Public Relations Writing: Lesson #2 - p. 4

Here are some typical problem areas for message planners:

1. Spend some time thinking about objectives. Too often, students tend to skimp on this. Think about the things you want to accomplish with your story, including

  • Getting people to bring food
  • Getting people to donate money
  • Enlisting volunteers
  • Good publicity for the Student Association
  • Good publicity for Westland College
  • Getting other civic groups to pick up the other nights
  • These were just some of the ideas students had. You may have other ideas... don't be skimpy, be creative!

2. The 5 W's are an important place to start. Remember, this is where you do the "casting" of your story... Who's at the center of it? What's going on? Here's a very important formula:


That means that your Who joined together with your What should always become a sentence.

Something like this is always wrong:

    Who: Westland College Student Association

    What: Food drive to feed the homeless

Why is it wrong? Because put together, like W+W, it comes out

Westland College Student Association food drive to feed the homeless

and that is not a sentence.

The Who/What combination forms the most important sentence of your pre-writing because it's what orients everything else.

For example, "Mayor Cline is pledging city support to a food drive at Westland College..." -- if your client were Mayor Cline and you chose this combination of Who and What it would take a very different spin from, say, The Westland College Student Association is sponsoring a food drive..." -- wouldn't it?

3. Your "Where" and "When" should always somehow be translated to "Here" and "Now" When editors are polled to learn what they look for in news -- that is, what makes a story newsworthy -- they have a lot of answers but they all agree that the top two factors are Proximity (is it a local story?) and Timeliness (did it just happen, or is it just about to happen, or is it happening as we speak?)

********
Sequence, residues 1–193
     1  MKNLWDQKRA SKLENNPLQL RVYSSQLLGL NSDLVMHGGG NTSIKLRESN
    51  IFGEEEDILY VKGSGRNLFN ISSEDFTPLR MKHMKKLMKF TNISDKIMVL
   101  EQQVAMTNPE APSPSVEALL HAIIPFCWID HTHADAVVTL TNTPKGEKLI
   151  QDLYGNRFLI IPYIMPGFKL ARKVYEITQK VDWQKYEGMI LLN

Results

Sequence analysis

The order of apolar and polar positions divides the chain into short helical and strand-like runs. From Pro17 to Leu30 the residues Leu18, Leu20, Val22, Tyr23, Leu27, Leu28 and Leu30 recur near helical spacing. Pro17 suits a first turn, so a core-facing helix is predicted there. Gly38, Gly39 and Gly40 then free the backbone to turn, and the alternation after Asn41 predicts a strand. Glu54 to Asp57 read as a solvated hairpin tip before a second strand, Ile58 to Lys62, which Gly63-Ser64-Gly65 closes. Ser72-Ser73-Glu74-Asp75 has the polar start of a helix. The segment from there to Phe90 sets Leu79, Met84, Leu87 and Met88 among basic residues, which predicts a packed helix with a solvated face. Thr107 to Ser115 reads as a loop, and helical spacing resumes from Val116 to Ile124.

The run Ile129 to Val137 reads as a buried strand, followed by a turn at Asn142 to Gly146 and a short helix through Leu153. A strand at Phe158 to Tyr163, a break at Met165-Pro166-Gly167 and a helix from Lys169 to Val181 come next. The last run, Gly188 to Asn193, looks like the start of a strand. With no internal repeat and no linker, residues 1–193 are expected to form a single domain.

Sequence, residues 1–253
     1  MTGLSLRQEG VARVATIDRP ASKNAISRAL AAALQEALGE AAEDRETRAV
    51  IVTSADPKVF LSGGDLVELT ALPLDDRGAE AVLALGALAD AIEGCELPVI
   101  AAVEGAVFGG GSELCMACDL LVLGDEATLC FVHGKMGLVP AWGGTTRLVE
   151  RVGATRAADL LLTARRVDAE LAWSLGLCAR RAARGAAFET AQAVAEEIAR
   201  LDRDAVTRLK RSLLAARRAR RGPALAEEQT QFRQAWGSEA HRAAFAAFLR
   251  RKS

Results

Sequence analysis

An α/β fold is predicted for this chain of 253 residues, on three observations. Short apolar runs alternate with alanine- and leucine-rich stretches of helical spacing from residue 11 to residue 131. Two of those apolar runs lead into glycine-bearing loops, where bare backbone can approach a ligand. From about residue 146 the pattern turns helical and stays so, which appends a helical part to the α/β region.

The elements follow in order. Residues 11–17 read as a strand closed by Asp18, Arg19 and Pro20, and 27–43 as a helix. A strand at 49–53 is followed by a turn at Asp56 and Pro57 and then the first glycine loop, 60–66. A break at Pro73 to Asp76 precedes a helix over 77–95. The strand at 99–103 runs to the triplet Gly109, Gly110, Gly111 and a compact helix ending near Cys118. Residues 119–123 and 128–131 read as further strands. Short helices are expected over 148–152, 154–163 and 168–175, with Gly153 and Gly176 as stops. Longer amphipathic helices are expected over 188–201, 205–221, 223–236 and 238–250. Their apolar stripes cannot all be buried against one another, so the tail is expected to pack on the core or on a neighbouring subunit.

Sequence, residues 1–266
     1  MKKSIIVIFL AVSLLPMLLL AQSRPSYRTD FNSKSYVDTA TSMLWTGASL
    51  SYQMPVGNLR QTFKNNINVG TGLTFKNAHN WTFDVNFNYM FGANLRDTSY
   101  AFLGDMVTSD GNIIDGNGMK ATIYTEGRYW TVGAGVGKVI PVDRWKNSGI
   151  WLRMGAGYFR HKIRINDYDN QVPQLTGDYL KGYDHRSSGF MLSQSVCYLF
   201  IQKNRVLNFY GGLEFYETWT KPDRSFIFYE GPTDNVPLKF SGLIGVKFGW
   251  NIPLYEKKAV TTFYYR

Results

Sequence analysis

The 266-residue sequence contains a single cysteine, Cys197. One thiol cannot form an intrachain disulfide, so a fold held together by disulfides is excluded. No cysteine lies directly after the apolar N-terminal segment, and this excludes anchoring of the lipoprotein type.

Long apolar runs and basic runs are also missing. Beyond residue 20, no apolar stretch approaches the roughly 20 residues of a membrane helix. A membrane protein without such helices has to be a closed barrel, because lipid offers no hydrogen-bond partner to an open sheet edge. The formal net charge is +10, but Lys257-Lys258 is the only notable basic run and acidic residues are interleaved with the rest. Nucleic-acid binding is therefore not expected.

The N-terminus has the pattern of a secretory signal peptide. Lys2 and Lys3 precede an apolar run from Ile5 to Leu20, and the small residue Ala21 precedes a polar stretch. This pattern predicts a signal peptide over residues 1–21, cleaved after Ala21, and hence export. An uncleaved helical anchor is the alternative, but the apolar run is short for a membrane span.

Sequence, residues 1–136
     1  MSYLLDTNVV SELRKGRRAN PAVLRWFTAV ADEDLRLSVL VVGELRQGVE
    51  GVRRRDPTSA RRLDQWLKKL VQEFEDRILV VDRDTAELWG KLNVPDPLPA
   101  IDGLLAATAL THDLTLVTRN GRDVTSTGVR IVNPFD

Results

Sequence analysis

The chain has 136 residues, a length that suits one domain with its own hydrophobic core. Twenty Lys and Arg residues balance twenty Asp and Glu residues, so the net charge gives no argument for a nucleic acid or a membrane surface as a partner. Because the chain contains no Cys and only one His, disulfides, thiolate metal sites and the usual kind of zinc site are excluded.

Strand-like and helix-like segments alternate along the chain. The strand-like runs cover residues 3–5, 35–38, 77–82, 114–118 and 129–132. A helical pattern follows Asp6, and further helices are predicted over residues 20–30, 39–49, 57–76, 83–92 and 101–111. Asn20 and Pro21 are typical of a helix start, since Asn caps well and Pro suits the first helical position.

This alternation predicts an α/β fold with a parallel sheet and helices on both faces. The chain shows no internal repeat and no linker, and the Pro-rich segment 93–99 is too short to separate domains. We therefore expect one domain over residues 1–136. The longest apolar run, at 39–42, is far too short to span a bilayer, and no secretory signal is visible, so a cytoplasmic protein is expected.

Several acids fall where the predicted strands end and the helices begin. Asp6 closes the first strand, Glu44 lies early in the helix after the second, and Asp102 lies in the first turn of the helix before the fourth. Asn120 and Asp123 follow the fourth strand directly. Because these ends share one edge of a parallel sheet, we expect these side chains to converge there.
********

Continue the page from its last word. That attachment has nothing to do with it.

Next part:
4. Your "Why/How" -- the 5th "W" -- is where your story gets interesting. You will have more than one "Why/How" as you get warmed up. For example, order to feed the hungry families of Persimmon County. response to the crisis caused by the layoffs when the Marshmallow factory closed. order to begin a program of free hot meals every Wednesday at the Anodyne Center. demonstrate that students are neither apathetic, nor binge-drinking party animals, but caring citizens who want to make a difference inspire civic organizations of Turtle Bay to pitch in and help with the other six days of the week.

Again, as you consider "Why/How," let your creativity flourish. You will have so many ideas that they will flow down into the Key Ideas area just below the 5 W's -- and they will spill over onto the next page.

Your key ideas can begin as a list -- or as a brainstorm mess of information -- but sooner or later you're going to need to put them in list form. This is so you can begin to order them and put the dominant key ideas -- Mayor Cline will be on hand, in chef's cap and apron -- with subordinate key ideas (which are no less important to include), like the address of the Anodyne Center is 450 Eastlake Drive.

This is a good time to remind you: you don't have to actually use a Message Planner form -- I'm not asking you to "fill in the blanks" -- so long as you include all the information, from "Client" at the top, through "Message" at the bottom, and everthing in between...

Go on to the next page...

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